Jon LaBrecque, "Almost" MSW, MPH

I am a dual degree student at Boston University’s social work and public health program. I am in my third year and getting ready to change the world.

Research Is Not Social Change

Research ≠ Social Action The shouting and tone of their voices sprung me from daydreaming. I looked up at them and they were still going talking. What were they so angry about?   There exists a very real and impactful barrier between healthcare providers and the community residents who we serve.  There are issues of power, class, race, history, and identity attached to what makes us as healthcare providers different from the people we serve, especially the poor.  The med school education, or possibly any college experience, may be something that significantly differentiates us from poor communities.  Hispanic college rates are 13%, Black college rates are 14%, while White college rates are 61%. These differences in education are meaningful and significantly affect the way we approach a problem and how that may be different than someone who has not received the same education or privileges as we have.  College changes the way we think. We learn new information and new theories about how the world operates that we would not otherwise have been exposed to. College wants this.  The social pressures which drive these differences in educational usage and attainment also affect how we view the world and its problems.   Every time, it’s just another hospital. It’s not fair to us.   But this difference does not on its own account for why they were angry.  These people...

I’m an International Public Health Social Worker…Seriously!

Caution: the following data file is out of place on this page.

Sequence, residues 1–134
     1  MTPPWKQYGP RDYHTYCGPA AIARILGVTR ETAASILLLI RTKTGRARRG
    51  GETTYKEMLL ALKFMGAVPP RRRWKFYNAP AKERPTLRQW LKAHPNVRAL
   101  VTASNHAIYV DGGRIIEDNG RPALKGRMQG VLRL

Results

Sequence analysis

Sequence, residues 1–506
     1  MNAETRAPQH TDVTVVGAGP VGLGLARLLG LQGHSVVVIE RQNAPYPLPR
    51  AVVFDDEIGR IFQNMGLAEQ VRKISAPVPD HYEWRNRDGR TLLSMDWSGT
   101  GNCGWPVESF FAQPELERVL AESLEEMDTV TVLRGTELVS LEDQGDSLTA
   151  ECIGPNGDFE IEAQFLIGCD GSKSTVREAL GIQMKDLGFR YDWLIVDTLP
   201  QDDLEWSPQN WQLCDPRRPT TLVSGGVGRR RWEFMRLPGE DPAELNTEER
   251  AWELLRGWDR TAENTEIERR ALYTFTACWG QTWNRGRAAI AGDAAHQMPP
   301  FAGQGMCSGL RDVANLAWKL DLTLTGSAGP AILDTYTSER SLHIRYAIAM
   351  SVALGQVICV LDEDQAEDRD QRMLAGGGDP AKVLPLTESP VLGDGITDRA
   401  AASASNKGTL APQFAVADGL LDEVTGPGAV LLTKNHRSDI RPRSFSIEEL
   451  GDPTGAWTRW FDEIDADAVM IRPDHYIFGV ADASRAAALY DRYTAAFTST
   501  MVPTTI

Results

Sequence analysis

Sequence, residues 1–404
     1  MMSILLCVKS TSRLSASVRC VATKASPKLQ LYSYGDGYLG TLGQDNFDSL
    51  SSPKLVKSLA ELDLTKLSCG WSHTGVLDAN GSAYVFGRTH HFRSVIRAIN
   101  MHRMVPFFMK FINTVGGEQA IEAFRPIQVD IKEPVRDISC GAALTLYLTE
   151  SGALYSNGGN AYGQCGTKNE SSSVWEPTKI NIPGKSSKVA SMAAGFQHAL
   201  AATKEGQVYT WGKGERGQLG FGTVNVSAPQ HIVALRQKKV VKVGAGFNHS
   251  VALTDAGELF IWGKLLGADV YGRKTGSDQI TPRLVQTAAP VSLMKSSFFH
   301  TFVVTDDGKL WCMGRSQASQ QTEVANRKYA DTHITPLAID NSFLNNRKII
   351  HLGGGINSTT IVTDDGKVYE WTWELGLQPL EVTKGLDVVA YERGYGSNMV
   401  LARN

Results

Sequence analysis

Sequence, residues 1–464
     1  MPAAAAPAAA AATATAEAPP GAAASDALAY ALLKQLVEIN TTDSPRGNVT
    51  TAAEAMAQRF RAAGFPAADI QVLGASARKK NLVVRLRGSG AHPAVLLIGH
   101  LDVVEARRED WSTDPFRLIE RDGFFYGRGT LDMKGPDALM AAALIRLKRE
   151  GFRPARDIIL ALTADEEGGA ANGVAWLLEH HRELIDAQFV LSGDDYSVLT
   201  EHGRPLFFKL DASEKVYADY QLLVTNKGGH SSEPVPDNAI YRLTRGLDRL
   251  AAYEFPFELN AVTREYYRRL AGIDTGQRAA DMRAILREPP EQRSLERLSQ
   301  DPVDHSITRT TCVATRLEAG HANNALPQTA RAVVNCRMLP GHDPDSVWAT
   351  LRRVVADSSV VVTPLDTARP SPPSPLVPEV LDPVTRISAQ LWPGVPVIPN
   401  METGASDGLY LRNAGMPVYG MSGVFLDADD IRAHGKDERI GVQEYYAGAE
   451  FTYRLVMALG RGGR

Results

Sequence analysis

Say what now? No it really is a thing! I promise! It’s called international public health social work. It’s really important to know about. Well why? That’s a loaded question. It’s focused on prevention. But in a unique way and brings a set of skills which require thinking on a clinical and population level at the same time and being able to understand that empowerment is not simply a tag line you put into a grant application. It’s about understanding the importance of balancing process with outcomes. It’s focused on the social environment as a significant contributing factor to health statuses. After all, it is not an accident that African Americans tend to be at a higher risk of obesity, diabetes, violence, and lower birth weight. Mostly, it’s about being able to approach a problem from two different and valuable perspectives. Being an international public health social worker, or at least being in this field, requires me to have an elevator speech ready to go in order for someone to understand what I am doing and bringing to the table. A doctor is more or less universally understood, no matter if it is in a tent in a refugee camp in Kakuma, a health clinic in Lima, or the emergency room on Friday night at Boston Medical Center. We understand doctors and what they do – they diagnose and...